The End of The World Officially Arrives
Tough morning if you're hoping for an historic high in the Dow Jones Industrial Average. European markets were weaker as China's manufacturing data came in slightly short of expectations, though still in expansion territory, and in Europe euro zone manufacturing PMI was unchanged at 47.9, still showing contraction.
Copper fell to multi-month lows on those figures.
First day of the new month traditionally brings in new money, but it may not be enough to overcome the disappointing European performance and the January U.S. personal income figures, which were below expectations.
One problem for the bulls: There's an old trader belief that markets usually don't turn on Fridays.
1) Stocks and the sequester: The end of the world officially arrives. Hype vs. Reality.
In the last several days, I have been inundated with worried ... really worried ... commentary from people who trade all sorts of stocks: defense, home builders, travel, and health care.
Guys who trade defense stocks are the most worried: I've seen some dire estimates that the U.S. defense budget could get cut by about 13 percent over the next seven months, but it seems there is a lot of flexibility here. In the short term, Northrop Grumman is often mentioned as having exposure to the Department of Defense through its Aerospace Systems division.
As for home building, there is anxiety as sequestration comes in the middle of the spring home buying season. There's concern it will affect consumer sentiment at a delicate time. Guys who trade housing stocks note that the 2011 debt ceiling controversy hurt consumer sentiment and housing activity.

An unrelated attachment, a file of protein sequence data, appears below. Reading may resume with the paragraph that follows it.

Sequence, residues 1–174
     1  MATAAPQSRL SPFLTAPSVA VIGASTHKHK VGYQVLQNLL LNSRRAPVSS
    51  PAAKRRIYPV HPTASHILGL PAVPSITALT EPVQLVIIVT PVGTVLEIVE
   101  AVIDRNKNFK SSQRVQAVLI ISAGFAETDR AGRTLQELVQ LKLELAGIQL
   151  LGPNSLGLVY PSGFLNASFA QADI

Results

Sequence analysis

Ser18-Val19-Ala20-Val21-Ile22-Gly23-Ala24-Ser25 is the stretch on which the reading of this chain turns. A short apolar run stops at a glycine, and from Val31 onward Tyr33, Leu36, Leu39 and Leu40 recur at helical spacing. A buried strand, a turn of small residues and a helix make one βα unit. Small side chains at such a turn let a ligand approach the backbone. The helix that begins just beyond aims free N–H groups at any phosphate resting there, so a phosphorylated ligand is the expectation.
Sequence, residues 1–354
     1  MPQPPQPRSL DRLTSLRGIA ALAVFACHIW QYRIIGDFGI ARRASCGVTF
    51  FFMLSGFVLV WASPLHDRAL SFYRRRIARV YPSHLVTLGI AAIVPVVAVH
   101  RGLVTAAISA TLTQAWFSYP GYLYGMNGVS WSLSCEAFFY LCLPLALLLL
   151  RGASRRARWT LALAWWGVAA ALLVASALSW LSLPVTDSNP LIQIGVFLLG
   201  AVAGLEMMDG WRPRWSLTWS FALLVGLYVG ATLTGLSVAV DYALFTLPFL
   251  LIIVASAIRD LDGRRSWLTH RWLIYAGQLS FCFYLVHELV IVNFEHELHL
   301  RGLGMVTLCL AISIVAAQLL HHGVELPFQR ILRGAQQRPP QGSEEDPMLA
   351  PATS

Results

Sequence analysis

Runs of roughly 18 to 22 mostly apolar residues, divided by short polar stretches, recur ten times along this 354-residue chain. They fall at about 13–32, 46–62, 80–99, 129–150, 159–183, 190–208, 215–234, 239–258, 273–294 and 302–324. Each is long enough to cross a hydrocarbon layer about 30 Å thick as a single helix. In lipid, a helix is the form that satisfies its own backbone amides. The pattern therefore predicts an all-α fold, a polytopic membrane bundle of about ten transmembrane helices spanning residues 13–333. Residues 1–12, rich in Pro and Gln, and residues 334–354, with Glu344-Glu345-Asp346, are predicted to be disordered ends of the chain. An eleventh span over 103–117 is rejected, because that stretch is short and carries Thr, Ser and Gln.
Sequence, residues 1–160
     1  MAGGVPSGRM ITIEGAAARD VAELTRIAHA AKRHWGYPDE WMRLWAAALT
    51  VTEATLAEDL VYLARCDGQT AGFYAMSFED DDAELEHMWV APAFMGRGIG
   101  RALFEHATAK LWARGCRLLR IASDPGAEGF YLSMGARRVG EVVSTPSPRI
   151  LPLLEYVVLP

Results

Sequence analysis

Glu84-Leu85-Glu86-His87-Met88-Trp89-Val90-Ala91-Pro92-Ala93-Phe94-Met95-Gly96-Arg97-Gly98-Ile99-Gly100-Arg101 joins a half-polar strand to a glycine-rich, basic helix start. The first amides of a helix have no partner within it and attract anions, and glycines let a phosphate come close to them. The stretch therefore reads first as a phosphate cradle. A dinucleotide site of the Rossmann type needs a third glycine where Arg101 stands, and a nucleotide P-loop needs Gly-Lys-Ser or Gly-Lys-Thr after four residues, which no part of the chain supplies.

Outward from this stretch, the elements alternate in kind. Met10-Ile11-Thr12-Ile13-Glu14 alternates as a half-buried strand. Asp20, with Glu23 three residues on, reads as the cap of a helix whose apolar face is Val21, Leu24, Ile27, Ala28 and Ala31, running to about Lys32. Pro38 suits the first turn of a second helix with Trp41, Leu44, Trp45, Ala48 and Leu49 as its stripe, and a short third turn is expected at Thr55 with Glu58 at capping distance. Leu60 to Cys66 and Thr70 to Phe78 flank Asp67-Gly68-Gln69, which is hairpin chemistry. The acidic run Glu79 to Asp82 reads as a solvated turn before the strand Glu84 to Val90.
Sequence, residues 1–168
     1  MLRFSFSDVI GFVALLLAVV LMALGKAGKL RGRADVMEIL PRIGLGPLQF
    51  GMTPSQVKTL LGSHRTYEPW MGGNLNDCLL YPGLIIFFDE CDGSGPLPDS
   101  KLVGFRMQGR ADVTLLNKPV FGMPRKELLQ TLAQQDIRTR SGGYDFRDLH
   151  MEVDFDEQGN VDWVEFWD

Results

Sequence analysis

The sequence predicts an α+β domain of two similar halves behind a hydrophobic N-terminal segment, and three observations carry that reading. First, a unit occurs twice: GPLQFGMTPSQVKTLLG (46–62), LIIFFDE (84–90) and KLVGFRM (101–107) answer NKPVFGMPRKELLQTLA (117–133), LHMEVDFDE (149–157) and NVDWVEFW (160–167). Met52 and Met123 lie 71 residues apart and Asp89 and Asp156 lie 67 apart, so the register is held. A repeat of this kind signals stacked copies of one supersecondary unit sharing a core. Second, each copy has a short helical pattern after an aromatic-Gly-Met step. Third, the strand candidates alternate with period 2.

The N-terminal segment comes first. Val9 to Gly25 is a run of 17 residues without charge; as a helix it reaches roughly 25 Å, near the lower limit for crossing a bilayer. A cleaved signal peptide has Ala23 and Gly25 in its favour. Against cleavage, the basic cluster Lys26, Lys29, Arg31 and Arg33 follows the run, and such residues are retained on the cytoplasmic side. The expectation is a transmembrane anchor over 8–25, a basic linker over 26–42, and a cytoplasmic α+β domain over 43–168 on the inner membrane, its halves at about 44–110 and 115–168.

Travel and hotel companies worry that cuts in government travel will hurt them.
Medicare providers, which are due for a 2 percent reduction, are also worried. In theory, it affects many companies, including HMOs and hospitals, who also face a two percent cut in Medicare rates. But the cuts don't begin until April 1, and most analyst estimates already reflect the effects of sequestration.
And yet, after reading through this mountain of trader worries, when I look at the stock prices of defense, health care, travel, and home building stocks, what I see is ... nothing. No big declines. No huge volume moves as traders dump positions wholesale. Nothing.
So why the Big Hype from traders? It seems the smart money believes the effect on cash flows for most of these companies will be significantly less than the headline (hype) numbers. Even when there are significant numbers, as with certain defense names, traders believe that the impact will not be felt in the front months of its implementation.
Bottom line: The Street still believes a deal will be done in the end of March, when it will be combined with efforts to address the Continuing Resolution that expires on March 27.
2) U.S. lags most global markets this week, at least so far.
Hong Kong 0.43%
S&P 500 -0.06%
—By CNBC's Bob Pisani